The Vine

The Flaw In Mccain's Climate Plan


I flitted around this topic briefly in my post on McCain's big climate speech the other day, but Dave Roberts has a fuller explanation of why his plan to allow companies to purchase an unlimited number of carbon offsets under a cap-and-trade regime could end in disaster. The unlimited-offset idea may well appease coal interests, who want to keep the price of carbon cheap for as long as humanly possible until carbon capture and storage becomes viable. The problem, though... well, let's turn the mic over:

What could be wrong with a measure that a) holds prices down while b) reducing emissions and c) funding sustainable development in developing countries?

The problem is that there's good reason to believe the use of offsets would do none of the above. A new report out of the Program on Energy and Sustainable Development at Stanford, by long-time carbon market analysts David G. Victor and Michael Wara, argues that "the theoretical benefits of lower costs and broader engagement of developing countries through the extensive use of offsets are an illusion. They are based on the assumption that it is possible to administer an offsets system so that it rewards only bona fide reductions. This assumption is valid for only a fraction of the real offsets market."

The basic tension Victor and Wara identify is between quality and quantity. Of the emission reductions that have been secured thus far under the CDM [i.e., the Clean Development Mechanism under the Kyoto Protocol] -- which vastly outweigh direct domestic reductions undertaken in Europe -- Victor and Wara argue "that many of these reductions could have been accomplished at a far lower price; that many credits are probably not backed by real reductions; and that the promise of such a massive supply of credits is extremely unlikely if even the current (poor) level of environmental quality of the program is to be maintained." McCain's plan would allow offsets to come from international sources like the CDM, so the U.S. would be buying into a program that's already overtaxed and of dubious utility in reducing emissions.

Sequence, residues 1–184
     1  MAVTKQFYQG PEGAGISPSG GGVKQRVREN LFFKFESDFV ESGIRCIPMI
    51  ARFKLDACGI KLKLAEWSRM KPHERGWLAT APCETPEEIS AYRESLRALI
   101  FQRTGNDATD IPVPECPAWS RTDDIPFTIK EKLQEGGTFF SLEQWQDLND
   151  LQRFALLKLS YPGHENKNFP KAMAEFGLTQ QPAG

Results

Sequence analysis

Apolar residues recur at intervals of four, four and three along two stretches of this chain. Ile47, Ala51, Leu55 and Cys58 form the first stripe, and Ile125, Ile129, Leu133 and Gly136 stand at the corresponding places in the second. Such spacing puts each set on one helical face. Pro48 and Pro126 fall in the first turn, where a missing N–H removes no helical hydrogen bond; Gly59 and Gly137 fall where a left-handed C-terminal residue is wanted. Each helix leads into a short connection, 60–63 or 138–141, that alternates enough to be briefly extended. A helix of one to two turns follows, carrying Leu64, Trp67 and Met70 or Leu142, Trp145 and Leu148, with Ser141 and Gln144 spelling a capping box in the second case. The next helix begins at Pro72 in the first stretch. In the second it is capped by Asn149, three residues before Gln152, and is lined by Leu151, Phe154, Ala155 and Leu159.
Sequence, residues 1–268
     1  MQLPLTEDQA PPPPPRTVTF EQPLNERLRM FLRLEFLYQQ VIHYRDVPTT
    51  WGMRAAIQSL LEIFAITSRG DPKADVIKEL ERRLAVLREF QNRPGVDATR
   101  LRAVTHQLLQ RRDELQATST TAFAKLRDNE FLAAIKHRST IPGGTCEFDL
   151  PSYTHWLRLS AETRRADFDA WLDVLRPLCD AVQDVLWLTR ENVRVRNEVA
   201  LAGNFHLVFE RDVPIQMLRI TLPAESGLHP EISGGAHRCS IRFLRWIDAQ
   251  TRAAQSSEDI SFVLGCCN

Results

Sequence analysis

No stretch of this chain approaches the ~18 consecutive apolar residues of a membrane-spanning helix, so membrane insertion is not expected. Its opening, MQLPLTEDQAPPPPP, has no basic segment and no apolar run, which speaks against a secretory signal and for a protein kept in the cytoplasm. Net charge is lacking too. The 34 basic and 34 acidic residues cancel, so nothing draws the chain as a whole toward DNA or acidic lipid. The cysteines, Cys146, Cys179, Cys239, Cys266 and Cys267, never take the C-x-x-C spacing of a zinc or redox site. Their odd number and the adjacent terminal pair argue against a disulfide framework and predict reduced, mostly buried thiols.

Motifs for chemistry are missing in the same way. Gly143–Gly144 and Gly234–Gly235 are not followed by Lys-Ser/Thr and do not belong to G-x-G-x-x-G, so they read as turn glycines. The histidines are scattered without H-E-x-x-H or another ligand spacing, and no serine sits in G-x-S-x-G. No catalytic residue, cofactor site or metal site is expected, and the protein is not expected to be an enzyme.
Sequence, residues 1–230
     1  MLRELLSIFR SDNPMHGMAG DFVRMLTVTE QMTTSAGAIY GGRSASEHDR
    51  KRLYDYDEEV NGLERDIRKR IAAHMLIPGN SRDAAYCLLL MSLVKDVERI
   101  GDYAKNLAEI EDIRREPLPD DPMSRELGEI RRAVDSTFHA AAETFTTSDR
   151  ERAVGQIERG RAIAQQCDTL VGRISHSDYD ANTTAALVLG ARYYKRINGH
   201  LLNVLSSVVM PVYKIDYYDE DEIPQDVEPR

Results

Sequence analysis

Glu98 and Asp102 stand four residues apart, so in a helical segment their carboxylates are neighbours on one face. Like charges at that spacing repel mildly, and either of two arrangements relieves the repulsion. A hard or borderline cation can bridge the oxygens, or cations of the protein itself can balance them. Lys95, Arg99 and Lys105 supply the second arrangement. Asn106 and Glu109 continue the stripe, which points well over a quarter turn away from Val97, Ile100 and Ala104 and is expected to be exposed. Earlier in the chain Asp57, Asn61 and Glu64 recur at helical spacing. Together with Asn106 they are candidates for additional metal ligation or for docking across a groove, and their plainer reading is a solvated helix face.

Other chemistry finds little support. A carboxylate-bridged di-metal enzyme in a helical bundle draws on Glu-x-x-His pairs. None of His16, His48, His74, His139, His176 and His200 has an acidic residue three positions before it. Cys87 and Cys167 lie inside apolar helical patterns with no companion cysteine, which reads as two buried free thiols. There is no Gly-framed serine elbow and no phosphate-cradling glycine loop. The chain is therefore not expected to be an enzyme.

I've talked to officials in the EPA and elsewhere who think that it's nigh impossible to verify most any offsets, period. Take, for instance, an offset that pays a developer to avoid cutting down a forest in such-and-such a place? How do you know you're not just shifting development to another location? How do you know that an offset credited as a "new" reduction wouldn't have happened anyway? It's impossible, these critics say, to prevent people from gaming the system. Now, for what it's worth, I don't think offsets are totally unworkable, and they probably do need to be included at some level. Some form of offset system may well be the only viable means of slowing down the pace of deforestation in countries like Brazil and Indonesia, for instance.

But these programs need an incredibly thorough level of scrutiny. McCain, however, wants to allow an unlimited number of offsets, and he plans to link up to the already overburdened and oft-dubious CDM, which will make close monitoring much, much harder. And, under McCain's plan, a "private-public partnership" would oversee the approval of all offset schemes, which means the odds are high that the process will be dominated by rent-seeking corporations who want as many bargain-rate offsets as possible, no matter how dubious. So I agree with Dave, this has all the makings of a poorly thought-out disaster.

--Bradford Plumer

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